Surface Restaurant

Volume is important

“We’re trying to get a mood going with each dish. It’s not really about the food. It’s not really about the music. I wanted to be the creator of an experience, and to escalate that experience by manipulating the senses.” Yet as is paramount to just about any dinner experience, people should still be able to have conversations. “That’s the most important thing, and that’s why we didn’t use headphones. Think about it: music and food brings people together. Don’t mess with it.”

Jay’s point is a good one. Think about how many couples smile at each other when they hear ‘their song’ that played on their first dinner date. Think about how many moments of our lives are perfectly backdrop-ed by a particular melody; landing in London to a sweet lyric, or crying in the car in the rain to a dramatic one. But then also think about the volume of said melody: it is never too loud.

“Music is a bonding experience. I want people to look at each other, make conversation, and meet new people.” Perhaps your guests will bond over how much they love the current track by Polo & Pan (‘Bakara’ for those in the know, to a Surf & Turf dish). Perhaps they’ll bob heads to the same beat and become friends. Nobody wants to shout across a dinner table, but everybody loves a good tune to set the mood to potentially bond.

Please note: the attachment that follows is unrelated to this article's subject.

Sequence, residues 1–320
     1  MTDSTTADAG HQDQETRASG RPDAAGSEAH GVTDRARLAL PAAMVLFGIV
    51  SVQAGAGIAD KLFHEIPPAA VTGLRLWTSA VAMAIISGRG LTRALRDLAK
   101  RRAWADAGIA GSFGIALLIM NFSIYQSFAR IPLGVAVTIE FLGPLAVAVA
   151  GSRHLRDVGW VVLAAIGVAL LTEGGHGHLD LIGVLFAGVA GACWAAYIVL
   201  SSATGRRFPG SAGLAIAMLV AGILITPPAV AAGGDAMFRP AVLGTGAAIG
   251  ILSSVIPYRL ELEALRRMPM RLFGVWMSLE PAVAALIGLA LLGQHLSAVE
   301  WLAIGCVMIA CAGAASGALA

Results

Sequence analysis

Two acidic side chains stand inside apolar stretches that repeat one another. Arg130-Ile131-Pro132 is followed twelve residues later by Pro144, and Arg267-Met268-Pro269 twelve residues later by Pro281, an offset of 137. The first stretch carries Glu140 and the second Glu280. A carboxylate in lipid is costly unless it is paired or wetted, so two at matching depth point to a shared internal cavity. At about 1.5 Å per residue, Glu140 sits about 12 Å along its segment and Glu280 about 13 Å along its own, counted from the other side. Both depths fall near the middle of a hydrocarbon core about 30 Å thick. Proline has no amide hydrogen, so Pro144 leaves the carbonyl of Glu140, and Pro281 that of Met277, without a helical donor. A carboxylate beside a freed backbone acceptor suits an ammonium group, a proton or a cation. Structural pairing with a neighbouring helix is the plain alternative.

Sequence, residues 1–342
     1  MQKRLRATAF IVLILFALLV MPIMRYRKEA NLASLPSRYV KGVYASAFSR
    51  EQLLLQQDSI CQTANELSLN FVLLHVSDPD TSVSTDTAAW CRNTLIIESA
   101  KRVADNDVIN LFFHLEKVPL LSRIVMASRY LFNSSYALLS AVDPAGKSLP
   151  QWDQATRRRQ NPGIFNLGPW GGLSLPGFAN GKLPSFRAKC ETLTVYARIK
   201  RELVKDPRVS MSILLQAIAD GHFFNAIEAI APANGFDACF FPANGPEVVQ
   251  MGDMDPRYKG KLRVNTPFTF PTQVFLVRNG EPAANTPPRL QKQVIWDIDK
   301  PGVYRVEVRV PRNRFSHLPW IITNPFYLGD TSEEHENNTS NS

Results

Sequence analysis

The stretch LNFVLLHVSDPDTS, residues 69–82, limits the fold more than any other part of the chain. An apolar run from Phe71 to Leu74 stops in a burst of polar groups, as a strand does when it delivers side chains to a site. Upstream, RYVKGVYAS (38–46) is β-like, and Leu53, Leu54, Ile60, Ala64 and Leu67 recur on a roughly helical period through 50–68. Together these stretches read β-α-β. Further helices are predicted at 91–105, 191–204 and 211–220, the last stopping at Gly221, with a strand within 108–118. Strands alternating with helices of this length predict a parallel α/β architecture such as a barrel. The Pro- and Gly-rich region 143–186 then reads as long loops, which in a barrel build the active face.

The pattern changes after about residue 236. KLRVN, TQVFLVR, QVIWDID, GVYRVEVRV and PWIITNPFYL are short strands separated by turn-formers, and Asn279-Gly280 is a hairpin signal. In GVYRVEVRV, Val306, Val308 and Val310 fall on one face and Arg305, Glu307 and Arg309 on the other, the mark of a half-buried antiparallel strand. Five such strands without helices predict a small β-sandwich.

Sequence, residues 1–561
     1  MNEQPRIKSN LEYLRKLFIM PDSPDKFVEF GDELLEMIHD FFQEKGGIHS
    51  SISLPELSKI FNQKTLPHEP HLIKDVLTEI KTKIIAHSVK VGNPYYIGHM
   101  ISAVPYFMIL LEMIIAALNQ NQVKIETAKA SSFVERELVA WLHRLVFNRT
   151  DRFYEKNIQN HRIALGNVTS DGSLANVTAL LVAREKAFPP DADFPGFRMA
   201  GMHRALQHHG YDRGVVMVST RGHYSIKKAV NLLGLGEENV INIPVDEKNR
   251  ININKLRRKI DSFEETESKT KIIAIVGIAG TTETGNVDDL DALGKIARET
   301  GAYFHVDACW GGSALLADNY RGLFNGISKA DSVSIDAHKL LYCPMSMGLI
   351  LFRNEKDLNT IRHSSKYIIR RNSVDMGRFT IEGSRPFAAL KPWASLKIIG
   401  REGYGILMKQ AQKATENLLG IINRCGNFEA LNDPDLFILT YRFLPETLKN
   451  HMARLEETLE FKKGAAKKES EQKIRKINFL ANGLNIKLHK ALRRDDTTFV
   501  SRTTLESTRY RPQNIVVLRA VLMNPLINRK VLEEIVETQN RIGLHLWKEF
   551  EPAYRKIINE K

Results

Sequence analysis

Pair music and food

Last but not least: the big ‘A’

“We wanted people to come and eat together with a sense of taste and sound. But the best sense is the sense of people. I cried on the first night of the event. Tears of joy. I made myself proud.” Jay continues, “We’re looking to build a collaborative community space in Bangkok, but these things start small. These things start within friend groups or families, or at the dinner table.”

Essentially, it all comes down to what music – both at the dinner table or just in general – really is all about. It’s about interaction and experience, both of which are overarched and assembled so under the big ‘A’: ambience. Asked what he would improve when hosting this kind of dinner next time, Jay responds: “We should have sharing plates, so we can create more of an interaction between people,” and going back to his opening statement and slight dislike for regular fine dining, it becomes clear where the worth of a THB 10,000 fine dining event stems from: experience. Aim to foster an experience, play it by ear from there.

Surface Restaurant

Sample set list

For all those now bugging to know and looking to find that inspiration for their next music and food pairing, here are a few tracks and courses from the past dinner:

 

Note: Similar tracks have been linked for those for which an exact version could not be found online.

Jay assures us there’ll be another music, beer, and food pairing dinner in Bangkok soon. Stay – for lack of a better word here – tuned.

Lisa Gries
Managing Editor, Bangkok
Lisa loves to travel, and is always on the lookout for the world’s best nap spots. She’s a serious Asian art history nerd, and has a knack for languages and coffee table books. She hopes to publish her own novels one day, one of which will likely be called ‘All The Great Conversations I Had In A Bangkok Speakeasy.’ It’s a work in progress.